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Dr. W. Edwards Deming and Profound Knowledge

Dr. W. Edwards Deming and Profound Knowledge

demingHave you heard of Dr. W. Edwards Deming? Do you remember who he was? Dr. Deming was one of the great “quality gurus” back in the 1980s and 1990s.  (Photo courtesy of The W. Edwards Deming Institute®.)

He is often credited with helping the Japanese rebuild their economy after World War II. Dr. Deming spent years developing a methodology to help companies move forward. It is still valid today. He called this methodology his “System of Profound Knowledge.  This system is composed of four bodies of knowledge:

  • Appreciation for a system
  • Knowledge of variation
  • Theory of knowledge
  • Knowledge of psychology

Each body of profound knowledge is briefly introduced below.

Appreciation for a System

The first part of profound knowledge is understanding what a system is. Those of you familiar with Dr. Deming will recognize the figure of a system below.

a system

A system must have a purpose – an aim is what Dr. Deming called it. Without a purpose, there is no system. The aim is really the optimization of the system over time.

Knowledge of Variation

Variation is always present. But do you truly understand variation? Far too often, we look at variation as meeting or not meeting some target. Dr. Deming helped changed the paradigm of variation. His teaching (based on the work of Walter Shewhart) separated variation into two types: common and special causes. Common causes of variation represent the natural variation in a process; special causes of variation are not supposed to be present in the process.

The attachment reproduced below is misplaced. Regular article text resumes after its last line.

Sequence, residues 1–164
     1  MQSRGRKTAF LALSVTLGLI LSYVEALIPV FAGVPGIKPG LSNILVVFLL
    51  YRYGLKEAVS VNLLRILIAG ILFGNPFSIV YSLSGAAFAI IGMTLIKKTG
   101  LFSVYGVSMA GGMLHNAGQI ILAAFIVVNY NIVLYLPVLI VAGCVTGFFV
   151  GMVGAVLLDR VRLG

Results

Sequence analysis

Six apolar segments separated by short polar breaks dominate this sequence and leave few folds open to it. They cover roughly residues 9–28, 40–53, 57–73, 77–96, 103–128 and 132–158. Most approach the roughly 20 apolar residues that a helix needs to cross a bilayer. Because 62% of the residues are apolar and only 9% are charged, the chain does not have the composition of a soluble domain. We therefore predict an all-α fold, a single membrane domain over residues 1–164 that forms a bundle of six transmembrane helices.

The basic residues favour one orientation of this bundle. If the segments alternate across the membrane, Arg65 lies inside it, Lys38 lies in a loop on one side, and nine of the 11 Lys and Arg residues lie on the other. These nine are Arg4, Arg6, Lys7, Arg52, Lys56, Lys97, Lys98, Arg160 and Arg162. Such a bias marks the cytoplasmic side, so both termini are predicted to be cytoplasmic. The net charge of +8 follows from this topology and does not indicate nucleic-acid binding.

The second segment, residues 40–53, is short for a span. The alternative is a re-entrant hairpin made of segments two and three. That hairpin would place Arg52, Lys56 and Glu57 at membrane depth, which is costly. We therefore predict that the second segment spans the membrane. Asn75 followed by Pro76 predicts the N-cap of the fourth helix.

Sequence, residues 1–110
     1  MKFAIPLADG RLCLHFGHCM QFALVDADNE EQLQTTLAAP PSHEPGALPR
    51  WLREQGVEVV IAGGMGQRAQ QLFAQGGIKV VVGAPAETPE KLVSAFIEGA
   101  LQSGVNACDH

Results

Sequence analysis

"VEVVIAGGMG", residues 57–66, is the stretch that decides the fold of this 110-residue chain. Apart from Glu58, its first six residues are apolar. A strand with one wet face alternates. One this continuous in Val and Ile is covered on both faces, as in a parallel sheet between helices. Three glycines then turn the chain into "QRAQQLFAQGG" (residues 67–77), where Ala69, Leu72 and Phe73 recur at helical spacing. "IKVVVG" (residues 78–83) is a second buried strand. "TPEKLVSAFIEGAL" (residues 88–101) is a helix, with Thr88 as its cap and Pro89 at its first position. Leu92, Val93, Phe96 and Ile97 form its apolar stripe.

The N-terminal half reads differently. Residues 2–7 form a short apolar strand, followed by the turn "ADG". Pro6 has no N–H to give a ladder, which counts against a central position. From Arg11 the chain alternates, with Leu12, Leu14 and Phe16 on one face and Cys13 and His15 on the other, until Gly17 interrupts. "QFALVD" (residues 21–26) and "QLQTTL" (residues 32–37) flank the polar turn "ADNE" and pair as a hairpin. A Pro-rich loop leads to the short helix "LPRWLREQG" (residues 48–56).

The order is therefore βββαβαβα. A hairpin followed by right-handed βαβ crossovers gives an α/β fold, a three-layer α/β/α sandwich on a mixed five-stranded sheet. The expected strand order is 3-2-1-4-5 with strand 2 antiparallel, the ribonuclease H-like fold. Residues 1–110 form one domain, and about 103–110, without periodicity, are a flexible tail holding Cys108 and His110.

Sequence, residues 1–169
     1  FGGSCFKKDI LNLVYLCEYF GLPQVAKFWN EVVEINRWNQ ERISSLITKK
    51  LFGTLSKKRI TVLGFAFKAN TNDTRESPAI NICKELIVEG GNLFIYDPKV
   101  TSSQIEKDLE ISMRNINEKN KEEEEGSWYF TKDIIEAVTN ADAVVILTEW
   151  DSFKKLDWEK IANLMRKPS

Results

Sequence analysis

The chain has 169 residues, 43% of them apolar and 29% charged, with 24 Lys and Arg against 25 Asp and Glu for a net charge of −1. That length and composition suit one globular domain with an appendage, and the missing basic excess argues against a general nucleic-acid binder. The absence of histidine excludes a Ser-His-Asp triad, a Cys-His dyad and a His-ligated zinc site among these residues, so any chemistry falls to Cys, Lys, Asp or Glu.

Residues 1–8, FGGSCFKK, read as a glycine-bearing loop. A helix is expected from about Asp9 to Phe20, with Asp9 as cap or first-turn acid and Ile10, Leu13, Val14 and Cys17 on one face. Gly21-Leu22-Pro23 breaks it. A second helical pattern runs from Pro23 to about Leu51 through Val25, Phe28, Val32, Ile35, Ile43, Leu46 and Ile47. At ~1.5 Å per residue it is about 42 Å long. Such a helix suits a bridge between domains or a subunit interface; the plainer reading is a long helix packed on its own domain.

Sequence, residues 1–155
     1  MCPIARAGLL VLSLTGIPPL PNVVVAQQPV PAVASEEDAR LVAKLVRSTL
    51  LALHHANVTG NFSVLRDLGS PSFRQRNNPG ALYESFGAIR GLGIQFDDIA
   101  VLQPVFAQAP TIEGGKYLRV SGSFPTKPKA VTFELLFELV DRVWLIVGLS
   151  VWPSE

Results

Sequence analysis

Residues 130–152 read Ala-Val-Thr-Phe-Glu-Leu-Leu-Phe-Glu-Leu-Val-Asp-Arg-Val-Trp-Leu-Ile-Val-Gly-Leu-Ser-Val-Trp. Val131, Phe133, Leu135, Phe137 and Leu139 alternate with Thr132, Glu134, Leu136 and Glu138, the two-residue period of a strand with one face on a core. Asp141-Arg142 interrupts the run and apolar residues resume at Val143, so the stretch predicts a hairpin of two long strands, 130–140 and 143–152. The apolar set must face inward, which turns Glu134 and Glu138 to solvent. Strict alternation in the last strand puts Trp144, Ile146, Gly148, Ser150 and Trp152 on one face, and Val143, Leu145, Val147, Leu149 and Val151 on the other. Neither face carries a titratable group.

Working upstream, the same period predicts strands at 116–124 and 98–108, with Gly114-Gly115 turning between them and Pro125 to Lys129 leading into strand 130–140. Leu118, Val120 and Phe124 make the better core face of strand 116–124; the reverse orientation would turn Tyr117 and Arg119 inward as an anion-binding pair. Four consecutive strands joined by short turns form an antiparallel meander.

Management is responsible for reducing the effects of common cause of variation. Dr. Deming estimated that 94% of an organization’s problems come from common cause of variation. Our previous blog, The Red Bead Experiment, describes a great way to explain variation.

Theory of Knowledge

Dr. Deming said: “Knowledge comes from theory.” To learn, one must have a theory. Without theory, we cannot make predictions about what might happen. Theory is a prerequisite for learning.”

Suppose a recent process change has decreased the variation in product output. Why did this occur, i.e., why did the process change decrease the variation? “I don’t know, we just decided to try it and it worked.” Have you learned anything? “Of course, we learned that the change worked.” Was the improvement due to the change or something else that may have changed without your knowledge? “I don’t know.” You must have a theory to learn.

Knowledge of Psychology

What motivates people? Answer – different things. As a manager, one must understand that people are different. The manager “must be aware of these differences and use them for optimization of everybody’s abilities and inclination.” To do this, a manager must understand motivation and psychology.

Dr. Deming believed that people had a right to “joy on the job.” And that management must drive out the fear that their management system has created.

We have five publications in our SPC Knowledge Base about Dr. Deming and his System of Profound Knowledge if you want to learn more about this remarkable man.

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